Posts from Online Communities

Are Real Names Required For Real Socializing?

Over the weeekend my friend Jeff Jarvis and I had a twebate about this topic. You can see it in action on storify thanks to David Connell.

I'm all for real names if people want to use them. I use "fredwilson" on every web service I can and that is almost all of them. It's a vanity thing for me more than anything else. I want to get to the service early enough that I can grab that handle.

But not everyone wants to use a real name. There are all sorts of reasons for that. This post on the EFF blog, which kicked off the twebate between me and Jeff, lists a bunch of them.

This community is a perfect example of the value of anonymity. Kid Mercury, FAKE GRIMLOCK, Prokofy, JLM, etc, etc. They are some of the most engaged community members. We love them (at least I do), and I could care less who they are in real life. What I care about are their ideas, their voice, their participation, and their energy. If anonymity brings that out in some, then bring it on.

David Weinberger left a comment on Caterina Fake's blog that I love and reblogged on Tumblr last week:

In our culture, we’re suspicious of strangers. They’re a threat. They lurk in shadows. On the Web, however, strangers are the source of everything worthwhile. Strangers and their utterances are the stuff of the Web. They are what give the Web its matter, its shape, its value. Rather than hiding in our tents and declaring our world to exist of the other tents near us — preferably with a nice tall wall around us — the Web explicitly is a world only because of the presence of so many strangers.

The desire to clean up the web, civilize it, and sterlize it pisses me off. I hate it. The Zuckerbergs can run a sterile community on the web if they want. That's just fine. But to suggest that real names is the source of their success it to learn the wrong lessons from Facebook.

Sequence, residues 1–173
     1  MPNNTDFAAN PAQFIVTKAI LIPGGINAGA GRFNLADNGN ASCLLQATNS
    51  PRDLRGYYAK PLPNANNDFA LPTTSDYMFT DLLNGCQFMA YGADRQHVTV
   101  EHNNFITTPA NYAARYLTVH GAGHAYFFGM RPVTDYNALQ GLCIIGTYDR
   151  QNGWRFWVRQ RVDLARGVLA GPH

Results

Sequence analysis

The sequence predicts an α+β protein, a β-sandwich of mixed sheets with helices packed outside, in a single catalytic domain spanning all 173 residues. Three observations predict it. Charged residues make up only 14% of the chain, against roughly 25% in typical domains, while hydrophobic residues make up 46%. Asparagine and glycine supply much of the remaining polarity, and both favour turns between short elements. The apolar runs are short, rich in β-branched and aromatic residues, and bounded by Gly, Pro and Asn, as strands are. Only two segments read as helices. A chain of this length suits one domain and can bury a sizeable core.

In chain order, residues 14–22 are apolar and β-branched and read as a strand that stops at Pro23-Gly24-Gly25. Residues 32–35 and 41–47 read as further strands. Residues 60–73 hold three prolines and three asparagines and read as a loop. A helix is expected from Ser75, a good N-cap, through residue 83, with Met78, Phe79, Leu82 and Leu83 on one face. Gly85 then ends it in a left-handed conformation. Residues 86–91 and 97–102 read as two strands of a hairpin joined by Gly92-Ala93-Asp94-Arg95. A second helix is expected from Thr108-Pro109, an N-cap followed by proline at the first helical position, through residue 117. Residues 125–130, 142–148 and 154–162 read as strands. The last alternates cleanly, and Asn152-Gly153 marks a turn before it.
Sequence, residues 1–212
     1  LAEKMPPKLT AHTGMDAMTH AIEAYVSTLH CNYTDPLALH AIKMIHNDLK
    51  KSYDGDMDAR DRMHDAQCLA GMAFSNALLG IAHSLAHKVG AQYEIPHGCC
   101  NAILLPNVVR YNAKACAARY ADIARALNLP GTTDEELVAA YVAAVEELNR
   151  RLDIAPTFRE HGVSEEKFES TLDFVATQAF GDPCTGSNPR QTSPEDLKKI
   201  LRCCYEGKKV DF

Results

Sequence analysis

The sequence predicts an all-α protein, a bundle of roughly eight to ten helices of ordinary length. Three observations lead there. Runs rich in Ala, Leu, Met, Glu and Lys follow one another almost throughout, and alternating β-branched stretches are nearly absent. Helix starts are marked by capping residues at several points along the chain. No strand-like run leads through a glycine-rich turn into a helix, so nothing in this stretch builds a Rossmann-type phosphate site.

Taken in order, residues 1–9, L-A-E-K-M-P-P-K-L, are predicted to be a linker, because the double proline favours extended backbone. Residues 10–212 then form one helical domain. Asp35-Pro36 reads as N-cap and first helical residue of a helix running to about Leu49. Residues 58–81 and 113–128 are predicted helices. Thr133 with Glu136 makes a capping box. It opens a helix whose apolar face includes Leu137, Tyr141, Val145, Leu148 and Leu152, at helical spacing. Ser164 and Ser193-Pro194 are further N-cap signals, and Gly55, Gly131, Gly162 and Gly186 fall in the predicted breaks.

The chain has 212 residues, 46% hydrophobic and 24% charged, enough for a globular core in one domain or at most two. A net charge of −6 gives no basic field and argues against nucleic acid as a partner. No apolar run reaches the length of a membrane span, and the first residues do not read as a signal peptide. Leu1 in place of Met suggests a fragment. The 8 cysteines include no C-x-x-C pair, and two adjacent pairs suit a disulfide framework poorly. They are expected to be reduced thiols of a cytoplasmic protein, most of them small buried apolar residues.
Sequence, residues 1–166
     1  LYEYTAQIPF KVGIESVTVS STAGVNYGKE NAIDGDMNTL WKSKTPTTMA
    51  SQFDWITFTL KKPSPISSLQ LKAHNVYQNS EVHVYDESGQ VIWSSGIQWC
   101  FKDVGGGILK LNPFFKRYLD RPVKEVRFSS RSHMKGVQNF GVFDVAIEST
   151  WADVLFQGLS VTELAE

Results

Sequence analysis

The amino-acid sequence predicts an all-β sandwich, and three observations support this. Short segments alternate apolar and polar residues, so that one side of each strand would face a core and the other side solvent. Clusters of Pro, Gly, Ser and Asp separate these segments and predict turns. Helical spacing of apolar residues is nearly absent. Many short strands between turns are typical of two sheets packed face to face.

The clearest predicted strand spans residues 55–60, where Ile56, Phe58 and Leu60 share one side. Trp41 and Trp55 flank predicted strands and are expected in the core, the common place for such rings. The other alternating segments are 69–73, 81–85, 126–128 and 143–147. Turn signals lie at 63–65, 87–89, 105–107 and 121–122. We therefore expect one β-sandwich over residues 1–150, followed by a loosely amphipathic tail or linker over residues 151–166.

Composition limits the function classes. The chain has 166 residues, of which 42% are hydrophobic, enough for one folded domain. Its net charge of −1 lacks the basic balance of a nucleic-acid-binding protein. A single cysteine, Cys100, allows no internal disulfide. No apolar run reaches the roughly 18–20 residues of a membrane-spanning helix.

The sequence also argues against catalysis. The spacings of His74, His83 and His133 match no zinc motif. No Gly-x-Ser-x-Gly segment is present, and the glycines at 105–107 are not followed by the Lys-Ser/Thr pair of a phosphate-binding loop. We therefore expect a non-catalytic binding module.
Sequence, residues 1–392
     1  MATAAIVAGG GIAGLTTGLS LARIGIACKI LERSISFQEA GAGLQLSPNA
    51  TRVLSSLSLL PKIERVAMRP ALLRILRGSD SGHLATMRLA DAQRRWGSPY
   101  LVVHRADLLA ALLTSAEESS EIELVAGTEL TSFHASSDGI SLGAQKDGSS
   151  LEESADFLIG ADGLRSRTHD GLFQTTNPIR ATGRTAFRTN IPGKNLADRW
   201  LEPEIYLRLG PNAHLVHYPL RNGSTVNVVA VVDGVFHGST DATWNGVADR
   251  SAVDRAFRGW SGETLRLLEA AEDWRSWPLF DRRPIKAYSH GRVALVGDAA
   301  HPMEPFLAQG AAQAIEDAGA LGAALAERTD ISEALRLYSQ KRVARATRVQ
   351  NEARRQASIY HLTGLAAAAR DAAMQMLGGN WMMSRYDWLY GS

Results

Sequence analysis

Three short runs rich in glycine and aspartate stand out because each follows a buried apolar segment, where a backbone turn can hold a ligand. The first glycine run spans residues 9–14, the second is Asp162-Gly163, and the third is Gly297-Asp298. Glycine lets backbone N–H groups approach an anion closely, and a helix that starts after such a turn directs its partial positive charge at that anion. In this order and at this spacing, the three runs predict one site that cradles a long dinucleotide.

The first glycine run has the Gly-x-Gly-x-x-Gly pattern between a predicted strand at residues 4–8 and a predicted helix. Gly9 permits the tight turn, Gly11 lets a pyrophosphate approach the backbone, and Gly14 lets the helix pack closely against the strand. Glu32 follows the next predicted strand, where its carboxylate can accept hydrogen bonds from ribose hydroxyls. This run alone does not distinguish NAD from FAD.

Facebook is successful because they bring structure (phototags are the best example) and order (the newsfeed) to the social web. The requirement to use real names is a weakness not a strength of the service.

But of course not everyone will agree with me on this. Jeff doesn't. We ended our twebate with an agreement to take this debate to the stage. I hope we can do that this fall somewhere in NYC. I'm hoping for some sketchy dicey neighborhood to be honest. This is an important debate as it impacts the way social services are designed and executed. So let's have it.


Things That Tweet

I was at breakfast with a friend yesterday who told me about a project he did with some Twitter data around weather. He said as he was pouring through the data, he saw that there were bursts of tweets at certain times. He dug into the data and saw that it was weather vanes and thermometers that were tweeting out their data.